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Using a Wide Depth of Filed for Sharp Images

Controlling aperture to make your shots sharp from foreground to background


Using a narrow depth of field is a really important technique when you want a shot to be crisp and clear throughout. It's one of the fundamental tools in your arsenal for producing stunning, pin-sharp photos.

It's especially crucial for landscape photographers like me. Capturing the wide arc of an open mountain range, or the vast expanse of a windswept beach is one of the ultimate photographic challenges.

But to do so really effectively you have to get used to using a narrow depth of field. It allows you to reproduce all the little details in a scene, from foreground objects all the way to infinity, with satisfying clarity.



The Key Bit - Aperture

The most important part of creating a broad depth of field in your photographs is to select a small aperture setting. Don't let the term 'small' confuse you though: Smaller aperture settings correspond to a higher F numbers! So f/22 is is very small and f/2.8 is very large.

The smaller the aperture, the greater the depth of field. When you know you want a certain shot to be nice and clear throughout, try using apertures of around f/11 - f/22.

With respect to the workings of your camera, 'aperture' refers to the the hole in the lens which admits light on to the sensor. With a small aperture, your camera lets in a narrower, more focused band of light, which results in a larger proportion of your image being in focus.

Thus, this is a great approach for wide, scenic shots. Rather than sacrificing detail or content, you can ensure that as much of the scenery in front of you is preserved in your final image.


Balancing Exposure With ISO

As you probably know, the aperture controls bo


Before you snap the photo however, you need to make a secondary adjustment because using a smaller aperture results in the camera letting in less light for a given time so you will have to adjust other settings to compensate.

At this point, you have two options: you can either increase your ISO or decrease your shutter speed, or perhaps both. ISO measurements, also known as ASA indicators on film cameras, refer to the digital sensor or films sensitivity to light, the higher the ISO or ASA the more quickly the sensor/film is able to gather light. So for example ISO 200 would be able to gather light twice as fast as ISO100.

Because your aperture setting has been adjusted to limit the amount of light reaching your sensor, the ISO settings should be readjusted accordingly. Higher ISO levels, which are used for low light photography purposes, increase the grain on the image. Once both the ISO and aperture have been adjusted, your camera will be able to capture a greater depth of field while still catching enough light to produce the correct exposure.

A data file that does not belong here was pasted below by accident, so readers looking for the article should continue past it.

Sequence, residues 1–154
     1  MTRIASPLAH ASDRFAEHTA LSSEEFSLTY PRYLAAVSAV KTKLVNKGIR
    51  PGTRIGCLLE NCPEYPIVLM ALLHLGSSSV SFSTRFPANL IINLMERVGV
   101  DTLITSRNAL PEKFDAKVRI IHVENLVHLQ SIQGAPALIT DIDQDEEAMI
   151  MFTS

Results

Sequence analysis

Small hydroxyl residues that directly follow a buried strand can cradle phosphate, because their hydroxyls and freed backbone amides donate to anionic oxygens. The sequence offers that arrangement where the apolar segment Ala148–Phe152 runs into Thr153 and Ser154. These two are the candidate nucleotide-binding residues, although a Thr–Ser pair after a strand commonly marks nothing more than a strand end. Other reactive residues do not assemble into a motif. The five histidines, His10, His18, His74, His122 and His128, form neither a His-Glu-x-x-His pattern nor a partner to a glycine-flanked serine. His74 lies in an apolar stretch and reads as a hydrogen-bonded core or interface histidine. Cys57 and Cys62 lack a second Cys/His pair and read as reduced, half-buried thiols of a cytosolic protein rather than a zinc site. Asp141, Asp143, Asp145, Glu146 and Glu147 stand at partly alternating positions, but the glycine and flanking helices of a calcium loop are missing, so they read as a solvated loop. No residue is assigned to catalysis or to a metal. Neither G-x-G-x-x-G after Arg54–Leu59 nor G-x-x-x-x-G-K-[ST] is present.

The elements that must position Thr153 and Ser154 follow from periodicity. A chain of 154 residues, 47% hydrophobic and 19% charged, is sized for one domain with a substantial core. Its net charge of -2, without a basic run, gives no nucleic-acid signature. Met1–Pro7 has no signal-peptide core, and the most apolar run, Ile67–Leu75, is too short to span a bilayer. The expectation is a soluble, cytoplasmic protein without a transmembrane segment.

Balancing Exposure With Shutter Speed

An alternative to changing your ISO is to adjust your shutter speed. If you change your shutter speed, you are effectively altering the length of time that the camera’s shutter is open. Like changing the aperture, this changes the amount of light allowed through your lens and onto your sensor and in collaboration with aperture and ISO, controls your exposure. By increasing your shutter speed, you have longer exposure times that allow your camera to take in more light. Like ISO adjustments, this setting also comes in handy for nighttime photography.

You may wish to experiment a little with different combinations of all three of these as different combinations can produce a technically correct exposure but give a very different look to an image.

An image shot with a high ISO, and fast shutter speed may look very different to one shot with base ISO, slow shutter speed and equivalent aperture. It is up to you to decide which combination of settings will result in the “look” that you wish to create.


The Best Solution...? Triopods

As a landscape photographer I am always looking to ensure maximum quality in my images, so I very rarely increase my ISO setting as this can increase digital noise in an image. Therefore I usually have to use slower shutter speeds so the use of a tripod becomes imperative. The added benefit of using slower shutter speeds is that it allows you to capture movements in your photo that can add to its dynamism. I’ll tell you more about that in another article.

It’s possible to combine a small aperture with high ISO and fast shutter
speeds to create amazing photographs with a wide, focused depth of field. The steps referenced above present a simple approach to photographing those broad, expansive views that take your breath away without having to resort to panoramic shots.

Now, you can create images that offer a broad depth of field and retain almost everything in sharp focus. You will see the effects in the faces of your audience as they gaze into your photos studying all the intricate details.

Now, you can create images that offer a broad depth of field and retain almost everything in sharp focus. You will see the effects in the faces of your audience as they gaze into your photos studying all the intricate details.


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